NUP214-ABL1 fusion is generated by circularization of the 500-kb genomic region from ABL1 to NUP214 and subsequent extrachromosomal (episomal) amplification.11 The NUP214-ABL1 gene is found in ∼4% of all cases of adult ALL. Other ABL1 fusion genes have been described but are uncommon. For example, the ETV6(TEL)-ABL1 fusion gene is the product of a t(9;12)(q34;p13) and is found occasionally in patients with acute leukemias or myeloproliferative disorders. EML1, ZMIZ1, and RCSD1 were identified as ABL1 partners in ALLs.1

Leukemias expressing oncogenic forms of the ABL1 kinase usually contain the nonmutated allele encoding normal ABL1 kinase which may play an important role in pathogenesis of disease and/or in response to treatment, given its prominent role in regulation of cell motility, adhesion, autophagy, response to DNA damage, apoptosis, and proliferation.1-3 This possibility is supported by previous observations that loss of normal ABL1 expression resulting from interstitial deletion in the normal chromosome 9 [del(9q34)] and/or transcriptional silencing of the alternative ABL1 promoter within BCR-ABL1 translocation occurs during progression of CML-CP to CML-BP.12,13 Of note, in the absence of ABL1, BCR-ABL1 cells displayed reduced sensitivity to tyrosine kinase inhibitors (TKIs) such as imatinib.14 Therefore, we hypothesized that normal ABL1 is a tumor suppressor in CML-CP and therapeutic target in leukemias induced by oncogenic forms of ABL1 kinase.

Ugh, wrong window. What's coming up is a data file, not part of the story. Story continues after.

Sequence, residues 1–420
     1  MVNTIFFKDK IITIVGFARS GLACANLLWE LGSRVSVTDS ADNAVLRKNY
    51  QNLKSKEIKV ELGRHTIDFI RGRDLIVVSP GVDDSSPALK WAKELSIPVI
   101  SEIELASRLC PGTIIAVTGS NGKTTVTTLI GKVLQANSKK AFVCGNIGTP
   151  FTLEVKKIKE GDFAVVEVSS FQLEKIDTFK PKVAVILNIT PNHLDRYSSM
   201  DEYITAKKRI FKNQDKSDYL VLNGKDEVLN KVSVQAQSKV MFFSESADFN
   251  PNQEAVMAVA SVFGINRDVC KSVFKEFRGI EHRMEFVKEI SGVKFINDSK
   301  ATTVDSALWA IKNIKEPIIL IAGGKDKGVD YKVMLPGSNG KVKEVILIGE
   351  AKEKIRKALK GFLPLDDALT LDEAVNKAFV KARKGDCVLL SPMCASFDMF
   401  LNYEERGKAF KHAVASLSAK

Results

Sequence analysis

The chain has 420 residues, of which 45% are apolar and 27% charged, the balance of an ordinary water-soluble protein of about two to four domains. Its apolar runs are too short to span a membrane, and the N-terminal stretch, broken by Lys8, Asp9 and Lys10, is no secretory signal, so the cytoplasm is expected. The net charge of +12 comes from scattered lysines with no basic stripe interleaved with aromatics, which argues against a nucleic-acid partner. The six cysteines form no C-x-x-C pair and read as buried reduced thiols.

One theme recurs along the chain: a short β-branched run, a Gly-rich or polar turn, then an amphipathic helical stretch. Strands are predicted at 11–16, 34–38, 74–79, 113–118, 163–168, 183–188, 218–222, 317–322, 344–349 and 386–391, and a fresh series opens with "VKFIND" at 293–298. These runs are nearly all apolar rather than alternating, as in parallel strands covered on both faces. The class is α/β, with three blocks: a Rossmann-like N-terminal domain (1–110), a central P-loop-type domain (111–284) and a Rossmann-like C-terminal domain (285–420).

Materials and methods

BCR-ABL1–positive Abl1−/− and Abl1+/+ cells

BCR-ABL1–positive Abl1−/− and Abl1+/+ bone marrow cells (BMCs) expressing YFP-ABL1 fusion protein or yellow fluorescent protein (YFP) only were obtained and maintained as described in supplemental Methods (see supplemental Data available at the Blood Web site).

Leukemogenesis in vivo

Green fluorescent protein (GFP)-positive or GFP/YFP-positive cells were injected into the tail vein of sublethally irradiated NOD/SCID mice. Animals were killed when first signs of disease were apparent and leukemia development was confirmed at necropsy. These studies were approved by the Temple University institutional animal care and use committee.

Immunostaining

LSCs and LPCs were identified as described before15 and detailed in supplemental Methods.

Colony formation assay

Freshly transfected Linc-Kit+Sca-1+ BCR-ABL1 Abl1+/+ and BCR-ABL1 Abl1−/− cells were cultured for 5 weeks in vitro and simultaneously plated in MethoCult H4230 (StemCell Technologies, Vancouver, BC, Canada) in absence of growth factors. Colonies were scored after 5 to 7 days, and replated in fresh Methocult and scored again after 5 to 7 days. Three rounds of serial replating (representing 5 weeks in culture) were performed. Five-week-old tissue-cultured BCR-ABL1 Abl1+/+ and BCR-ABL1 Abl1−/− cells were also plated in Methocult. Colonies were scored after 5 to 7 days.

Competitive growth assay

A mixture of GFP-positive BCR-ABL1 Abl1−/− and GFP/YFP-positive BCR-ABL1 Abl1−/− cells restored with YFP-ABL1 was maintained in Iscove modified Dulbecco medium (IMDM) supplemented with fetal bovine serum (FBS), stem cell factor (SCF), and interleukin-3 (IL-3) and also simultaneously injected into the tail vein of NOD/SCID mice. After 5 weeks, the in vitro and in vivo cell mixtures were analyzed by flow cytometry to determine the percentage of GFP and GFP/YFP double-positive cells.

Histologic and cytologic analysis

Tissue sections of spleen from leukemia-sick mice were fixed in 10% formalin, paraffin embedded, cut into 0.4-mm sections, transferred to glass slides, and stained with hematoxylin and eosin. Cytospin preparations of cells cultured for 7 days in the presence of pretested threshold concentrations of IL-3 + SCF or granulocyte colony-stimulating factor (G-CSF; 10 ng/mL) were stained with Wright-Giemsa.